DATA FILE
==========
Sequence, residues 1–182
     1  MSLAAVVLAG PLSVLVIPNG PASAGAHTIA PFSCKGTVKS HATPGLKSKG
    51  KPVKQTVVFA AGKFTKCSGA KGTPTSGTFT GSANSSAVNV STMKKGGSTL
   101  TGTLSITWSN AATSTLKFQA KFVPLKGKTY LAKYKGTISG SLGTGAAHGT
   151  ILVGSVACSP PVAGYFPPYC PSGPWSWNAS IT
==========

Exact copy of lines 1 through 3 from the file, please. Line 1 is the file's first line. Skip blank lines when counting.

Sequence, residues 1–182
     1  MSLAAVVLAG PLSVLVIPNG PASAGAHTIA PFSCKGTVKS HATPGLKSKG
    51  KPVKQTVVFA AGKFTKCSGA KGTPTSGTFT GSANSSAVNV STMKKGGSTL